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Book Review: The Book Thief by Markus Zusak

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Photo by: Kelly Garbato (can be found on flickr)

The Book Thief by Markus Zusak is an extroadinary tale you won't be able to let go of until you finish the last page.

The Book Thief by Markus Zusak is guaranteed to send the reader on a thrilling journey. This stand alone novel takes place in Nazi Germany, 1939. As a unique feature, Death narrates, telling the story through his perspective, creating an eerie effect. Memorably, Death remarks, “As for me, I remained a few moments longer. I waved. No one waved back.” and “It kills me sometimes, how people die.”.

Liesel Meminger, the protagonist of Zusak’s tale, begins with Liesel, her mother, and her dead brother on a train. The young boy has died of disease, leaving the family to bury his body outside in the chilling winter. Two shivering cemetery workers aid them in digging a grave for him, and once he is laid to rest, they leave the mother and Liesel, although one happens to leave a book behind, which Liesel keeps, marking her first book theft.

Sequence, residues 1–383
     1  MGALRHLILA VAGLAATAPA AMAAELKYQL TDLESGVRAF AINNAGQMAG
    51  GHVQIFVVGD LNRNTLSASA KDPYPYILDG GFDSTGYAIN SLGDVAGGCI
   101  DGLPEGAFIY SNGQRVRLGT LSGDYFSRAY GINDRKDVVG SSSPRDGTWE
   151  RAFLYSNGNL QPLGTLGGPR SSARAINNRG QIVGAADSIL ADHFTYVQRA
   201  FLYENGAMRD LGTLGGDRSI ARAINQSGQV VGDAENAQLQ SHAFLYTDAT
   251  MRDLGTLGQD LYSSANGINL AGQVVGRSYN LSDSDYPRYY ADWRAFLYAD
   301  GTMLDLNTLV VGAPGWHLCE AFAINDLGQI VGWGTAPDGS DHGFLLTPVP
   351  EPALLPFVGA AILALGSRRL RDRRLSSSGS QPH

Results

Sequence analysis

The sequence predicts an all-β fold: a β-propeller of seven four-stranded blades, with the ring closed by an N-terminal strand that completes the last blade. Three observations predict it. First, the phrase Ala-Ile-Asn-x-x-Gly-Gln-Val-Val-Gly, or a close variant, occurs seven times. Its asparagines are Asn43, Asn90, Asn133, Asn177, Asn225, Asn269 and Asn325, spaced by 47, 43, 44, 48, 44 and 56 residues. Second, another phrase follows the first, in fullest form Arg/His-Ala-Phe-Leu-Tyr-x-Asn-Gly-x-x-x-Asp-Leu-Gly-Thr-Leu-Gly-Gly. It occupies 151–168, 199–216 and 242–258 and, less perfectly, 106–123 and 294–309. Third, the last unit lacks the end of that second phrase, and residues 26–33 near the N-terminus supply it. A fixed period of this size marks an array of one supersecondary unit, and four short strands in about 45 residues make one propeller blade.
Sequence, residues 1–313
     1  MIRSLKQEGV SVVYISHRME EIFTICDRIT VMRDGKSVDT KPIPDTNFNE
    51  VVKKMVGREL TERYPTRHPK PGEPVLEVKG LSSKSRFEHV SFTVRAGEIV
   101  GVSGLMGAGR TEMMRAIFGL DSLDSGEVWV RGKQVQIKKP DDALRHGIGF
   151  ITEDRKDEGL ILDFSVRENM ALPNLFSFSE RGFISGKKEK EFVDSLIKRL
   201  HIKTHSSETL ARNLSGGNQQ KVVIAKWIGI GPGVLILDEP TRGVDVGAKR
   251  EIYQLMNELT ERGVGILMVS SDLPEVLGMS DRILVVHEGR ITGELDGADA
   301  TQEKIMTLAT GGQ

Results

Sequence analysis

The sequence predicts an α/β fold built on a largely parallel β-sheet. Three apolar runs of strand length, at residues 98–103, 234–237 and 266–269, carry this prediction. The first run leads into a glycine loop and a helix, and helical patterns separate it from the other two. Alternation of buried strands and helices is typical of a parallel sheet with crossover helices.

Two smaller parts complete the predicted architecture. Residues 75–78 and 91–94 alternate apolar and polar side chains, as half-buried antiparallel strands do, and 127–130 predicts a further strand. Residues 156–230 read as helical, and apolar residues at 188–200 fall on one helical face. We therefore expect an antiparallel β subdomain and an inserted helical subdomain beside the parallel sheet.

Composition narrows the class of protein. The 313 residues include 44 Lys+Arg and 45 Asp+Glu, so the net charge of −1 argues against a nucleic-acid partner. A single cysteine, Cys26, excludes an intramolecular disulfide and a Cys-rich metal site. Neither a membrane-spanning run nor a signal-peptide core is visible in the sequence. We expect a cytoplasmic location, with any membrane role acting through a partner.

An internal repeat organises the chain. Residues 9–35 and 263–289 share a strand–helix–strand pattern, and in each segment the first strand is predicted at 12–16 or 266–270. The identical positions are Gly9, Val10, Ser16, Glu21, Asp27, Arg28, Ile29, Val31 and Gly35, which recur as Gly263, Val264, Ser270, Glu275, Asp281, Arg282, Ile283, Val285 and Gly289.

Liesel’s mother brings her to Himmel Street, where her foster parents, Hans and Rosa Hubermann, wait. Throughout the story, Liesel adjusts to her new family and intriguing neighbors, especially his new friend, Rudy Steiner, who becomes her partner in the art of stealing, but that’s just the beginning. The arrival of an unwanted Jewish person at the Hubermann’s front step complicates their world, making it scarier than Liesel thought.

Zusak emphasizes each character, allowing each of the neighbors living on Himmel Street to have their own spotlight, which allows the reader to truly get to know them. Because Death tells the story, he knows things Liesel never sees, which makes moments in the book agonizing. The author makes small, simple sentences hold so much weight, so much power.

The Book Thief easily is one of the best stand alone young adult novels, a story that will encourage beginning readers to read. Zusak’s rich imagery and characterization create incredible visions for the readers in this a poignant, yet stunning, tale. Early in the book, Death gives an invitation:“If you feel like it, come with me. I will tell you a story. I’ll show you something.” The Book Thief is a journey worth taking.